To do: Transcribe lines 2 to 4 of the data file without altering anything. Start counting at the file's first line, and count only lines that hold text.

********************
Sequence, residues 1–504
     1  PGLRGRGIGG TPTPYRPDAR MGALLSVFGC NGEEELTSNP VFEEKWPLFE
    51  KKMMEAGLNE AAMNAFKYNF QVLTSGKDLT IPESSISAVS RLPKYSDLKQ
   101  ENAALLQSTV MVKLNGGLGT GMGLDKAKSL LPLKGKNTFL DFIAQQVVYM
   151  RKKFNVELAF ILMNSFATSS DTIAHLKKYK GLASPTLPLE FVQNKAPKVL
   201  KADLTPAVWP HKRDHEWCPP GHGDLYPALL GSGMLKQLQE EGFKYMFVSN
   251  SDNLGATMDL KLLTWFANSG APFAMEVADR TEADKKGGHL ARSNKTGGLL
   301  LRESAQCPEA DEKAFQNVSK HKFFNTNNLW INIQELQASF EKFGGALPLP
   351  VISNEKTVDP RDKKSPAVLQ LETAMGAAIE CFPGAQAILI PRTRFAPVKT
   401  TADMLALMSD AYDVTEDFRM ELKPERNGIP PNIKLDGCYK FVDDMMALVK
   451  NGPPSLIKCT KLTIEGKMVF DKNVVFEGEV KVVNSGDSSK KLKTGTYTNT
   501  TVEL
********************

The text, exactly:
     1  PGLRGRGIGG TPTPYRPDAR MGALLSVFGC NGEEELTSNP VFEEKWPLFE
    51  KKMMEAGLNE AAMNAFKYNF QVLTSGKDLT IPESSISAVS RLPKYSDLKQ
   101  ENAALLQSTV MVKLNGGLGT GMGLDKAKSL LPLKGKNTFL DFIAQQVVYM